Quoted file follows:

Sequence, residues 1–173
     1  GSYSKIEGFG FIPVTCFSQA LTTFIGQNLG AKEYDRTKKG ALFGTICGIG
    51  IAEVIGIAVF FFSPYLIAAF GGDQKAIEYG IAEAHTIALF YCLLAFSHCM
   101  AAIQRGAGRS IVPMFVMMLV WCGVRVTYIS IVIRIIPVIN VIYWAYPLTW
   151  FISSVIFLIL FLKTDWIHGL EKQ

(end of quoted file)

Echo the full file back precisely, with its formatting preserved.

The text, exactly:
Sequence, residues 1–173
     1  GSYSKIEGFG FIPVTCFSQA LTTFIGQNLG AKEYDRTKKG ALFGTICGIG
    51  IAEVIGIAVF FFSPYLIAAF GGDQKAIEYG IAEAHTIALF YCLLAFSHCM
   101  AAIQRGAGRS IVPMFVMMLV WCGVRVTYIS IVIRIIPVIN VIYWAYPLTW
   151  FISSVIFLIL FLKTDWIHGL EKQ